Saudi female diplomats are making great progress, says ambassador

Manal Radwan, first secretary at Saudi Arabia’s mission at the UN (Twitter photo)
Updated 04 December 2017
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Saudi female diplomats are making great progress, says ambassador

RIYADH: Women are thriving in the diplomatic service, a government spokesman has said.
The Saudi Ministry of Foreign Affairs (MOFA) has employed women since 2008, when the first female competitive examination for diplomatic posts was advertised. The official MOFA spokesperson and director of media, Ambassador Osama Nugali, said: “In spite of the fact that Saudi women have recently entered the diplomatic scene, they are advancing in their diplomatic career path.”
Nugali added: “Diplomatic posts for both men and women start at the rank of an attache (equivalent to grade 6 in public services) and end at the rank of an ambassador (equivalent to grade 15). Additionally, top leadership positions for men and women alike require experience in diplomacy that is accumulated over the years.”
When asked about the incentives for women working at the ministry and holding high positions, Nugali said: “It is a fact that there are no regulations to prevent women from accessing top leadership positions in both public and private sectors in Saudi Arabia. MOFA is no exception. Indeed, one will find various examples of Saudi women in top-level positions in the two sectors.”
The ministry is keen to advance the careers of all its employees, through taking courses abroad and exposing them to other nationalities. To be a diplomat, proper etiquette and impeccable social skills are required.
“In line with Vision 2030, the ministry is committed, rather vigorously, to providing Saudi female diplomats with the academic and professional training needed to advance along their career path,” Nugali said.
Manal Al-Otaibi, a first secretary diplomat at MOFA, said: “The tasks assigned to female staff are not different from those of male colleagues. The standard is not gender, but competence, specialization and skill.
“Despite the recent appointment of women in the diplomatic corps, the internal and external training programs offered by the ministry to its staff, in cooperation with academic institutions and international organizations, have helped me and my colleagues improve proficiently.”
Statistics show that female employees at the ministry can be grouped as follows: 115 based at its headquarters in Riyadh and its branches throughout the Kingdom; 185 working in the Kingdom’s missions in Europe, the US, Asia and Africa, as well as the Kingdom’s permanent missions to international organizations such as the UN in New York and Geneva, plus the Arab League in Cairo and the Organization of Islamic Cooperation (OIC).
Saudi women are making a positive impact through hard work and accumulated knowledge through experience and interactions with other diplomats in their field. On both a professional and personal level, young women such as Al-Otaibi are working hard to develop themselves.
Nugali said: “The Kingdom is keen to enhance the role of Saudi women and enable them to carry out their responsibilities. Hence, Saudi Arabia’s Vision 2030 — with its emphasis on women’s pivotal role in the future of the Kingdom — aims to proactively create greater engagement of women and more ways to activate their leadership roles.”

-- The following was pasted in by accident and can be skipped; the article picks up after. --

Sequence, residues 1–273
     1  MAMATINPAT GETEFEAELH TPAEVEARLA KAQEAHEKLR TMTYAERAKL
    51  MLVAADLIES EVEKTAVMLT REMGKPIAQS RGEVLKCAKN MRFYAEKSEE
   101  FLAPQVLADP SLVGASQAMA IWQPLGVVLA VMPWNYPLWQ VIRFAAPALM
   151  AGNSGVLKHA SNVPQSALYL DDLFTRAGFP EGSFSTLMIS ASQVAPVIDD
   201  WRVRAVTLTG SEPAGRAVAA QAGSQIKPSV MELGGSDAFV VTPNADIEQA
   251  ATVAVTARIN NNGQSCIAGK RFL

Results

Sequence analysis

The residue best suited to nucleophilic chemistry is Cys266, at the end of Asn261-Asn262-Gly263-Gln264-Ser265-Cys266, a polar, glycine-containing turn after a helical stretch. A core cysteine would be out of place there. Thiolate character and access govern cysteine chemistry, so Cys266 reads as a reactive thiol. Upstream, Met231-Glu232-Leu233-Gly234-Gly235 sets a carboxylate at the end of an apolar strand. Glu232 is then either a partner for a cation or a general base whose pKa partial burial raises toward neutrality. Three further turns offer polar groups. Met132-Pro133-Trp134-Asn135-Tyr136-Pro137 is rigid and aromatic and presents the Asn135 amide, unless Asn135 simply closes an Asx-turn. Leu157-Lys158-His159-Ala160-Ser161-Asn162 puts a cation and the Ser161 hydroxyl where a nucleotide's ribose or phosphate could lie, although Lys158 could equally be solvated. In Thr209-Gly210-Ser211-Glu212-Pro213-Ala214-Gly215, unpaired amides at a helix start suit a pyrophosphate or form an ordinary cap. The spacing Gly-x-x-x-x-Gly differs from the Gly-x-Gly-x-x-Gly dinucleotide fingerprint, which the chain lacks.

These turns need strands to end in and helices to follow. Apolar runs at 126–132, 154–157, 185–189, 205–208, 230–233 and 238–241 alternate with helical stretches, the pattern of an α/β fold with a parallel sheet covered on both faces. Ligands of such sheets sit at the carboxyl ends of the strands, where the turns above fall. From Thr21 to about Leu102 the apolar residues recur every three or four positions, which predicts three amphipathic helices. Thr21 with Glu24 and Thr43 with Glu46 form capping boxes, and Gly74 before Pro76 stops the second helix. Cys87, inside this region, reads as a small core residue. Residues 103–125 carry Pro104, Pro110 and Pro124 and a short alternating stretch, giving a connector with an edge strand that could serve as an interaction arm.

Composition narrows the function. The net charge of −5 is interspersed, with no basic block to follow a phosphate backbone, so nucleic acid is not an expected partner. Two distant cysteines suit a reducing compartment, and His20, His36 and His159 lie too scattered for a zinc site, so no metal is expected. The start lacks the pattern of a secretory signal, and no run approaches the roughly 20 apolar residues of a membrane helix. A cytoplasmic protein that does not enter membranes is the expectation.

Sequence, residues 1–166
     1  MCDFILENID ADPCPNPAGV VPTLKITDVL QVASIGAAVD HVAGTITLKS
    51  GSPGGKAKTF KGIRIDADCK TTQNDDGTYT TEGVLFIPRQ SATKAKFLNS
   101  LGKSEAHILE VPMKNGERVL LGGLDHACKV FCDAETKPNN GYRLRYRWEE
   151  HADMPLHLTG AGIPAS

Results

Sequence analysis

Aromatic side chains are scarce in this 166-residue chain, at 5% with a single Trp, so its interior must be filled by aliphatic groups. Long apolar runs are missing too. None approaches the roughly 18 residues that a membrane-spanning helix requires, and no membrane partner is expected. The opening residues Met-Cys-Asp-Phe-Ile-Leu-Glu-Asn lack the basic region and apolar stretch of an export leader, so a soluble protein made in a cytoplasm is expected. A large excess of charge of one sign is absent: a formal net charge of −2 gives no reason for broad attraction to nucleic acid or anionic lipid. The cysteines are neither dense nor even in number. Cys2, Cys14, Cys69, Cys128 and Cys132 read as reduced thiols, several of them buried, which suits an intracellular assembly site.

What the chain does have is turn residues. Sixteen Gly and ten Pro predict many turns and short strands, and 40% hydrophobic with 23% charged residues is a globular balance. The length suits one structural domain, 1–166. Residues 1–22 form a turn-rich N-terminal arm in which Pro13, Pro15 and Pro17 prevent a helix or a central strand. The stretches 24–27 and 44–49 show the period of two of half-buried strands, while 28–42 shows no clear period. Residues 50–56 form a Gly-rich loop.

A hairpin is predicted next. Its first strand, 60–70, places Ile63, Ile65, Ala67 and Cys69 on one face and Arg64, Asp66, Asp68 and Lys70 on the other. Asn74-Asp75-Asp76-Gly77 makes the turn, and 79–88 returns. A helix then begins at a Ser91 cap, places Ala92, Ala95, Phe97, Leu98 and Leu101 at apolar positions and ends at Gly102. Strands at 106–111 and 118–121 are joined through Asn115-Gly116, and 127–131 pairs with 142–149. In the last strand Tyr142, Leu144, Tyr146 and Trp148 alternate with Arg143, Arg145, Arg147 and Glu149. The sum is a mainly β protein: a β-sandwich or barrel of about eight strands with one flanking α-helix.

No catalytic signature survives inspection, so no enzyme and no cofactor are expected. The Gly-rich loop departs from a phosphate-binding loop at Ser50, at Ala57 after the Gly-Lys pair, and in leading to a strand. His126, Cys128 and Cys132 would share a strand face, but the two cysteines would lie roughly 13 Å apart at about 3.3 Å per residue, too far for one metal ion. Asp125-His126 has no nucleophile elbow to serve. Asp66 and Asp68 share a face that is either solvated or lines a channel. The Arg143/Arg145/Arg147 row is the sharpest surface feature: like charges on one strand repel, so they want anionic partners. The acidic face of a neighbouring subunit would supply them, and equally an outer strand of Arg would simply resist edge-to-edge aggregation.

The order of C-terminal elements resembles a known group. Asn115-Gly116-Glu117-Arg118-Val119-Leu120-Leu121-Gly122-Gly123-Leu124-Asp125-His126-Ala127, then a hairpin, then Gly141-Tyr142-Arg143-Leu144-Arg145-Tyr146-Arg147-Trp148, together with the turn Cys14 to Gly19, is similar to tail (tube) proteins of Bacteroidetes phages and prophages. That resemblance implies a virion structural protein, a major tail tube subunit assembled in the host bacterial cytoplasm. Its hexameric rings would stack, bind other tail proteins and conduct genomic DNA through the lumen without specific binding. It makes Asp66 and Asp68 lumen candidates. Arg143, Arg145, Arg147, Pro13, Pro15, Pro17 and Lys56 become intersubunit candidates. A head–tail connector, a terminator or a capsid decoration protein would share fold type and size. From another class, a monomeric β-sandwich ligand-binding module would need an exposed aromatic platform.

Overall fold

Muslim World League signs deal with Moscow to promote interfaith dialogue

Updated 22 April 2019
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Muslim World League signs deal with Moscow to promote interfaith dialogue

  • Al-Issa lauds Russian model of national harmony and coexistence
  • Al-Issa also met with Speaker of the Russian Parliament last month

MOSCOW: The Secretary-General of the Muslim World League (MWL) Sheikh Dr. Mohammed bin Abdul Karim Al-Issa held a meeting with the president of the Russian People’s Council, Sergei Ordzhonikidze, and other council members, where they discussed issues of common interest.

They looked into means of boosting cooperation between Russia and the Muslim world, supporting positive national integration programs and countering extremist speeches and Islamophobia.

Al-Issa lauded the Russian model of national harmony and coexistence, while Ordzhonikidze presented Al-Issa with a copy of the council’s yearly report.

At the meeting the two parties signed a memorandum of understanding (MoU) to share their experiences in the fight against extremist ideologies, the promotion of interreligious dialogue and coexistence and the implementation of joint projects to achieve shared goals. They also stressed the pure and peaceful values of Islam and rejected all forms of extremism and Islamophobia.

The meeting was attended by the Russian deputy chairman of the Committee for the Development of Agriculture, Aygun Memedov, the chairman of the Committee on the Normalization of Relations Between Nationalities and Religions, Sheikh Albert Karganov, the Mufti of Moscow and the Khanti-Mansisk Region in Siberia Sheikh Tahir Samatov.

Last month, Al-Issa met with Speaker of the Russian Parliament Vyacheslav Volodin. They discussed subjects related to promoting and supporting dialogue among followers of different religions and civilizations, activating cultural contacts and exchanges between the Muslim world and Russia.

Al-Issa signed a cooperation agreement between the MWL and Moscow’s Fund for Islamic Culture, Science and Education. The agreement focused on tackling extremism and promoting tolerance. The agreement stressed the need for cooperation in the fight against extremism, intolerance, aggression and hostility among religions, races and ideologies that could lead to terrorism.

Both parties agreed to exchange information on the activities of scientific centers, cultural forums and websites.